First, he was reinvented as a bloodless icon, one that other leaders could appropriate to legitimise their own claims, as the figureheads of the “democratic west”, to integrity and moral superiority. After finally being allowed to join the western “club”, he could be regularly paraded as proof of the club’s democratic credentials and its ethical sensibility.

Second, and even more tragically, this very status as icon became a trap in which he was required to act the “responsible” elder statesman, careful in what he said and which causes he was seen to espouse. He was forced to become a kind of Princess Diana, someone we could be allowed to love because he rarely said anything too threatening to the interests of the corporate elite who run the planet.

It is an indication of what Mandela was up against that the man who fought so hard and long against a brutal apartheid regime was so completely defeated when he took power in South Africa. That was because he was no longer struggling against a rogue regime but against the existing order, a global corporate system of power that he had no hope of challenging alone.

Patrick Bond, ‘The Mandela Years in Power

In addition to the 1990-94 dealmaking and ideological panel-beating, various other international economic constraints were placed on the New South Africa. A few weeks after liberation in May 1994, when Pretoria joined the General Agreement on Tariffs and Trade on disadvantageous terms as a “transitional” not “developing” country, as a result of pressure from Bill Clinton’s White House, the economy’s deindustrialization was guaranteed. In January 1995, privatization began in earnest, with Mbeki facilitating the sale of a few minor parastatals but with much bigger targets looming.

More rapid financial liberalization in the form of the abolition of the Financial Rand exchange controls occurred in March 1995, in the immediate wake of Mexican capital flight that destroyed the peso’s value. Without capital controls, the Reserve Bank lost its main protection against a run on the currency. So when one began 11 months later, the only strategy left was to raise interest rates to a record high, resulting in a long period of double-digit prime interest rates.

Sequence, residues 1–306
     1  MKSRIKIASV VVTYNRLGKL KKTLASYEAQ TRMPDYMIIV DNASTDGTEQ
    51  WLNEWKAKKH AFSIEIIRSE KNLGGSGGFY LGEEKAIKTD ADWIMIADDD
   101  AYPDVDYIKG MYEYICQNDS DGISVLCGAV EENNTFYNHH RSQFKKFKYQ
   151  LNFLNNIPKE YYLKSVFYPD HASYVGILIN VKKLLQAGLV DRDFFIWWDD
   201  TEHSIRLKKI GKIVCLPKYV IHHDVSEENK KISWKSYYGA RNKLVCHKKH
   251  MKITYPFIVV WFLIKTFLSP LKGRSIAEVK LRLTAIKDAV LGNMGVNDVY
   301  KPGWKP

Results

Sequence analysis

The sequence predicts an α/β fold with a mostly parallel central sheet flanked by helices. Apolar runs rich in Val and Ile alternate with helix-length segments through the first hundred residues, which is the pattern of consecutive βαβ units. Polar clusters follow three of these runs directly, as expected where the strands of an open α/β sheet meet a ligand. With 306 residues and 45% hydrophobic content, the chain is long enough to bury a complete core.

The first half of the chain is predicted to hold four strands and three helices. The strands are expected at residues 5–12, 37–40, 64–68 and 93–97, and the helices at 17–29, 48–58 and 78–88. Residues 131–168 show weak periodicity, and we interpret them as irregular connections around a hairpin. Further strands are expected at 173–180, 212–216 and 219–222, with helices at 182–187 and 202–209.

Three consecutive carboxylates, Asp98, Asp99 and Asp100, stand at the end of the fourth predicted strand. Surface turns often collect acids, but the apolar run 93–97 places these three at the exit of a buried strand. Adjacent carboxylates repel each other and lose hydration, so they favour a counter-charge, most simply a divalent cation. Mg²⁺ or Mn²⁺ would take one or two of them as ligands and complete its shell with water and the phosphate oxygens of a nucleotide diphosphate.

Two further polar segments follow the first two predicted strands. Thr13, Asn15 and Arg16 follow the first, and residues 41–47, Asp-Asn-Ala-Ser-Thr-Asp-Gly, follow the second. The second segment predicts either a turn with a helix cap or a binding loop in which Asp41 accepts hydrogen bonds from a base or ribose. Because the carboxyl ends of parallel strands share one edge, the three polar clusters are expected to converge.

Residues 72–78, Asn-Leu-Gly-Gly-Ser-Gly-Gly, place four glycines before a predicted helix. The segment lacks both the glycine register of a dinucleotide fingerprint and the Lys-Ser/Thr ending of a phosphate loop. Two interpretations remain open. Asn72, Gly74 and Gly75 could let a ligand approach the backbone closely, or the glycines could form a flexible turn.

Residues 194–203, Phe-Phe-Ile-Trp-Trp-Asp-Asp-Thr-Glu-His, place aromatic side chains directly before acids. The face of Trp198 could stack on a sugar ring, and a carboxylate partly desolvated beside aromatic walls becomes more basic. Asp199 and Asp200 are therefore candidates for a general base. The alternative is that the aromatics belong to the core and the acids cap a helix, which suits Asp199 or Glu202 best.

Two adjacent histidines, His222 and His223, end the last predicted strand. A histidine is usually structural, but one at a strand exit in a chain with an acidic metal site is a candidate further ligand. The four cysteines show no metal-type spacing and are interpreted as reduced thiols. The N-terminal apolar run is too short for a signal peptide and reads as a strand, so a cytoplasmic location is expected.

The most important post-apartheid economic decision was taken in June 1996, when the top echelon of ANC policymakers imposed what Finance Minister Manuel termed a “non-negotiable” macroeconomic strategy without bothering to properly consult its Alliance partners in the union movement and SACP, much less its own constituents. The World Bank contributed two economists and its econometric model of South Africa for the exercise, known as “Growth, Employment and Redistribution” (GEAR).

With Mandela’s approval and Mbeki’s formal ideological U-turn – “just call me a Thatcherite,” he pronounced to journalists – GEAR was introduced in the wake of the long 1996 currency crash to promote investor confidence. The document, authored by 17 white men using the World Bank’s economic model, allowed the government to psychologically distance itself from the somewhat more Keynesian RDP, a 150-page document which in 1994 had served as the ANC’s campaign platform, and which the ANC’s civil society allies had insisted be implemented. An audit of the RDP, however, showed that only the RDP’s more neoliberal features were supported by the dominant bloc in government during the late 1990s.